It’d be a real good idea to get some experience with existing PCB technology before investing a lot into this idea. I only see it as suitable for very low-tech, low parts-count, non-critical circuits. I’d have to ask if that’s a niche I wanted to play in.

Cost hasn’t been discussed, what is the estimated price range for this technology? As a hobbyist, I can get good quality double-sided boards for $0.25/in2. I do have to wait 2-3 weeks for them, but I’m a hobbyist so basically nothing is very urgent.

This is probably coming off badly, close-minded and negative. I don’t mean it that way, but I am being blunt and candid. Perhaps you see this a some sort of breakthrough, but I think it’s more a solution in search of a problem. As ever, I am willing to be convinced, but I’m not there yet.

maybe you should first study how a real pcb (copper layer over FR4) is made, and then research how you can replace the FR4 with a cardboard & copper with conductive ink.

i believe printing onto various surface wouldn't be a problem, even with thin traces like 0.08 or even 0.06 mil.
but I presume you will encounter other problems:

  1. how do you stick the components onto the cardboard? soldering requires a temperature over 200~220 deg C, and even higher with lead-free process (240~250C). conductive glue might be a good idea.
  2. traces got resistance too, a segment of 20mm 0.08 mil trace on 1oz copper is like 5 ohm, how well does your ink conduct? silver particles are EXPANSIVE!!!
  3. drilling, how do you create a through holes on the cardboard? you want flat surface around the hole, not some volcano-looking holes.
  4. how do you connect different layers? like through holes? well this can be done with conductive glue tho, you just squeeze the glue into the hole and make it conduct.
  5. multilayer pcb, for multilayer pcb, you got to line-up each side. discover that you drilled over the trace on the other side of the pcb after you drill is actually a pretty disappointing experience.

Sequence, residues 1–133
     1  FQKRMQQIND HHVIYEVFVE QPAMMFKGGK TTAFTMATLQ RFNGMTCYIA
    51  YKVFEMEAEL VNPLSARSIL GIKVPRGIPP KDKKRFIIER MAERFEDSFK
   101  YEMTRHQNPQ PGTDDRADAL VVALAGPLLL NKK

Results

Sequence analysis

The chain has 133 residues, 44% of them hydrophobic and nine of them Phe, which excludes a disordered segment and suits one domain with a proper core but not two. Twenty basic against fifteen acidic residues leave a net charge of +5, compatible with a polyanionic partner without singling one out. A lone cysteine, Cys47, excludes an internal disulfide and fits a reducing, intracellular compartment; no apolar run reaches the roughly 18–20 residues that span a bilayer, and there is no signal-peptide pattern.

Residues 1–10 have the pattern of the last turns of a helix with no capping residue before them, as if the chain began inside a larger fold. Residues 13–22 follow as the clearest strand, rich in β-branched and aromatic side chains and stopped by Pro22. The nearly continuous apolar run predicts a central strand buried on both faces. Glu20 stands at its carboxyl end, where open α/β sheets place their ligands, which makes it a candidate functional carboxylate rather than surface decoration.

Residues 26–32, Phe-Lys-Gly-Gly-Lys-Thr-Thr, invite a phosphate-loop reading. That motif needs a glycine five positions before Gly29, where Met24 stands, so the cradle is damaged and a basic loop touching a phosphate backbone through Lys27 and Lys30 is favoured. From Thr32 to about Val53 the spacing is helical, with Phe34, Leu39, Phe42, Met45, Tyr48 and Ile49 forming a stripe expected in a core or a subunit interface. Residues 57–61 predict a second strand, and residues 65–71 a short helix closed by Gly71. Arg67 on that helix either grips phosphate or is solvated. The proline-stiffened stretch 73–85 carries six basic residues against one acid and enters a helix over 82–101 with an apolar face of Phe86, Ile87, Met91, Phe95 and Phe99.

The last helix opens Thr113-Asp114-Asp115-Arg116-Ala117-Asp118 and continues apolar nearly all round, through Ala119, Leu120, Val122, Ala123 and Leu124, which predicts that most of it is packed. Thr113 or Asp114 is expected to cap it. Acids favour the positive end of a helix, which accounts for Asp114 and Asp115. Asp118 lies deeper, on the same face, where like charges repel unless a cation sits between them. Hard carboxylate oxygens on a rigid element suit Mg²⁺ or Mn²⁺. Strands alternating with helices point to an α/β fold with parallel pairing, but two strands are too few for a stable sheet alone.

Well your idea is very interesting, compared to traditional pcb making process, no ironing, no UV exposure, no all those chemicals (like FeCl3)... etc.
I just hit the "print" button and it'd be ready in minutes.

btw some china companies are making 50x50mm PCBs at RMB$30 (per 5pcs), lead-free are like RMB$60~$80, gold-plated are like $130...

I have seen something similar before.
My first question was to hand him a sm atemega and ask if he could attatch that.
The glue was basicaly just some more ink.

Current capacity of the ink was miniscule.

It was i nice idea but to do anything except light alaed i thought it to me somewhat impractical.

Also paper is flexible, not much need for flexi circuits imho.

Maybe I missed where the original poster gave the conductivity of the ink?

polymorph:
Maybe I missed where the original poster gave the conductivity of the ink?

The folks with the idea on Kickstarter say 0.2 Ohms/square.

Lots of good feedback here. I appreciate the thoughts and ideas. I'll consider these things as I move forward with the project and keep this thread updated.

Ok. Good luck.

I'll be interested to hear how it goes.

I've wondered about this myself....

I'm wondering if the solution to mounting chips and keeping them there would be some kind of conductive glue, print the circuit then glue on all the components, think solder only for paper.

I actually think printing chemical-resist ink onto copper-plated FR4 is a good idea.

I'm just getting tired of the transfer (either ironing or UV exposure) things...

etching is not really that time consuming, i just throw the board into FeCl3 and go watch some simpsons, and it's ready when I'm back.